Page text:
11. Canadian Views of US Missile Defense

Reuters (Randall Palmer, “CANADA CAUTIOUSLY EYES U.S. MISSILE SHIELD PLAN,” Ottawa, 03/08/99) reported that Canadian Foreign Minister Lloyd Axworthy said that the threat posed by countries like the DPRK have forced Canada to consider joining the proposed US ballistic missile defense system. Axworthy stated, “The concern that we would have is to what extent would such a system abrogate the ABM (Anti-Ballistic Missile) Treaty or some of the other disarmament/arms control treaties that may be there. If on the other hand it provides an effective protection against missile attacks from untoward states — rogue states I guess they’re now called — and others, then it has to be looked at.” This Thursday Axworthy will visit the North American Aerospace Defense Command (NORAD) with other Canadian members of Parliament. Daniel Bon, director-general for policy planning in the Canadian Defense Department, stated, “Certainly we wouldn’t be looking at anything that isn’t ABM-compliant.” He added, “Why would North Korea want to hit Vancouver? In the United States there is a tendency to equate capability with intent, or capability with likelihood.”

II. Republic of Korea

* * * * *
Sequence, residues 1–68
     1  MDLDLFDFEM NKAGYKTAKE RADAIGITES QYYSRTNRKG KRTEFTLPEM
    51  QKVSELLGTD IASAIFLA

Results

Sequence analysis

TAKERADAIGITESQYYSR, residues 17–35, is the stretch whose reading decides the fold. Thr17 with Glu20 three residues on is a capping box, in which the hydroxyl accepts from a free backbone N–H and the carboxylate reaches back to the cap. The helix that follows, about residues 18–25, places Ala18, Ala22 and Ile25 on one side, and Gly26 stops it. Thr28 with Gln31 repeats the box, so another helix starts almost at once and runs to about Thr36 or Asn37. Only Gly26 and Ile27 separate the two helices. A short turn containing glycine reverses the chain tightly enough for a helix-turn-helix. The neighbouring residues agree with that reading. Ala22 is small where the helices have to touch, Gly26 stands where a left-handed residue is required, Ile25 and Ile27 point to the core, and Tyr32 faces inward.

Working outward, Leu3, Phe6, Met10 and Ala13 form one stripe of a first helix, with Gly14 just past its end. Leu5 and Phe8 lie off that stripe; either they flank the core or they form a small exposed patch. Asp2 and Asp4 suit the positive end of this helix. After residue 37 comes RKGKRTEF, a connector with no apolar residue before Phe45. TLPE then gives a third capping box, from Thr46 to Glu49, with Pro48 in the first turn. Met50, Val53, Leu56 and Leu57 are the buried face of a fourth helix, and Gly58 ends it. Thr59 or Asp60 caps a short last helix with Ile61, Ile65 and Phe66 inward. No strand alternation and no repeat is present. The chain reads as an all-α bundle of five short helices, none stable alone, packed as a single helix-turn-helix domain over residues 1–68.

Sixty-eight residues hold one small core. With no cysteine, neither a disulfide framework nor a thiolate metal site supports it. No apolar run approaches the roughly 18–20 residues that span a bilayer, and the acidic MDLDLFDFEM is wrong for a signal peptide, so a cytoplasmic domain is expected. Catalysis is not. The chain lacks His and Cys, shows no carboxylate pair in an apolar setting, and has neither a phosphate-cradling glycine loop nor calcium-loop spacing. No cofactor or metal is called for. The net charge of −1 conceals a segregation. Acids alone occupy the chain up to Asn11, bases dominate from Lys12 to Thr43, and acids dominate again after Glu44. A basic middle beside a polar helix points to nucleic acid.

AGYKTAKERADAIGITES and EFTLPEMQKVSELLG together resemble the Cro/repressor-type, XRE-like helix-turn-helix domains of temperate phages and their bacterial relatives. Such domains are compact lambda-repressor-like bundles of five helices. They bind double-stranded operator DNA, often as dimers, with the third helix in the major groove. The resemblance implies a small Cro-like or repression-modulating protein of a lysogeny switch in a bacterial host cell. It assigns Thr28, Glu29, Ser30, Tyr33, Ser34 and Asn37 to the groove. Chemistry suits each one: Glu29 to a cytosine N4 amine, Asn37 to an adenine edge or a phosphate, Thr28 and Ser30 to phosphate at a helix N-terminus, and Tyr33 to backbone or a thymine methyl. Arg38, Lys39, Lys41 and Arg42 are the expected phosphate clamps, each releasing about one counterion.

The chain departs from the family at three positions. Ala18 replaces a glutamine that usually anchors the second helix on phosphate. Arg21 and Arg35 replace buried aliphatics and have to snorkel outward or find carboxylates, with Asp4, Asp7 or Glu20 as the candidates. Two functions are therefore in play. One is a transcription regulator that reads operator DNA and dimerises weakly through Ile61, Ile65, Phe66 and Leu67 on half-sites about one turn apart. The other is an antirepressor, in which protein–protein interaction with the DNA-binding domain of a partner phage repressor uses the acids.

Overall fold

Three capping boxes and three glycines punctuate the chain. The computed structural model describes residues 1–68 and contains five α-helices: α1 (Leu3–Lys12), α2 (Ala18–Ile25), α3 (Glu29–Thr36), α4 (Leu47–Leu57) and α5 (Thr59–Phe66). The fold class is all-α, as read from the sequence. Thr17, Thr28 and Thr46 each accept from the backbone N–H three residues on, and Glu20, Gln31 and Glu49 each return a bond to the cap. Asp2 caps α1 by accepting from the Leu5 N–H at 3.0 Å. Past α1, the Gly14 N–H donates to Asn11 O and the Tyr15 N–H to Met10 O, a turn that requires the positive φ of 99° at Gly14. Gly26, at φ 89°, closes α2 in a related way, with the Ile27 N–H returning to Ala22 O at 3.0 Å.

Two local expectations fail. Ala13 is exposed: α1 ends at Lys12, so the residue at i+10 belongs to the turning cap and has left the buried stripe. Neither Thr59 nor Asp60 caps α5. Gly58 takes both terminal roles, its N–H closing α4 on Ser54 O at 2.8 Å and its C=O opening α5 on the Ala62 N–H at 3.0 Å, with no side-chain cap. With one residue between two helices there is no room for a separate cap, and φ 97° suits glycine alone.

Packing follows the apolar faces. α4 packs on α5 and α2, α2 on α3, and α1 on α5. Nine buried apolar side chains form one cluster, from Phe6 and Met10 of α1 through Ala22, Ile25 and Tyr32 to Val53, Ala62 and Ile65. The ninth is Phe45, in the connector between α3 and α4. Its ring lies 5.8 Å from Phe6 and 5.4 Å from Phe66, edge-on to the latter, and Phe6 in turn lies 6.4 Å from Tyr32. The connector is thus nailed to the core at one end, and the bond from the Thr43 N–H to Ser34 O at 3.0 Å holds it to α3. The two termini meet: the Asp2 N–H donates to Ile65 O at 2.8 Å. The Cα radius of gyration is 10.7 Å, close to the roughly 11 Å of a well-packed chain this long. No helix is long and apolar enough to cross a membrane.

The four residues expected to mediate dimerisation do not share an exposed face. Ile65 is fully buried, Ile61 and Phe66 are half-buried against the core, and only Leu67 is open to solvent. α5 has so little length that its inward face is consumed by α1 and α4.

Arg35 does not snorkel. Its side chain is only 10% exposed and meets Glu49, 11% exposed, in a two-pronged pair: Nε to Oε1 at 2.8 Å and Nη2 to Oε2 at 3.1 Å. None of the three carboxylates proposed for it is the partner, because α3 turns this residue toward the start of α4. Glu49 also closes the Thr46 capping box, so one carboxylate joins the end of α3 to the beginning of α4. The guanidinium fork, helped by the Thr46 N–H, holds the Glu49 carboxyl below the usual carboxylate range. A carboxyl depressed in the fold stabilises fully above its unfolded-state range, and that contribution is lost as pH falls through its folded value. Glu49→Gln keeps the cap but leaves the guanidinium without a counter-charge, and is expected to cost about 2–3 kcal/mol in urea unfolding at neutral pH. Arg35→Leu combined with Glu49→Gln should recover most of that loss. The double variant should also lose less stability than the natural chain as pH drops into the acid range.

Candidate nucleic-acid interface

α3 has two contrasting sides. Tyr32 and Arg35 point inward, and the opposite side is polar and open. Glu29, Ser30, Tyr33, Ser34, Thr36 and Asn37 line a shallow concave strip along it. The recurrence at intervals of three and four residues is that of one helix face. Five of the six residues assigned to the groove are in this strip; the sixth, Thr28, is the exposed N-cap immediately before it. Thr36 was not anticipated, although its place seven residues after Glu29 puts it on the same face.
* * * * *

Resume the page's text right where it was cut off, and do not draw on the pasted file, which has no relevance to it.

1. Perry’s Visit to ROK

JoongAng Ilbo (“PRESIDENT MEETS WITH PERRY ON NORTH KOREA POLICY,” Seoul, 03/09/99) reported that ROK President Kim Dae-jung on March 9 met with William Perry, who is currently serving as a special US envoy on DPRK policy. Kim provided Perry with details on the engagement policy towards the DPRK, which the government has been consistently executing. Kim was well aware that it would be the very last opportunity to highlight his DPRK policy before the influential “Perry Report” is completed, so he issued a joint communique that emphasizes the need for a continual engagement policy towards the DPRK. Kim accented that it is of the utmost importance to reduce the chance of war on the Korean Peninsula at all costs. Regardless of DPRK action, peace should be maintained, and this also will serve America’s interest as well. He added, “If the US maintains an aggressive attitude towards the North, it could cause NK provocation which eventually will not only threaten the peace but jeopardize the revival of the South Korean economy.” The US requested that the details of Perry’s meeting be kept secret, since some of his confidential statements were leaked to the press the last time he visited the ROK in December 1998.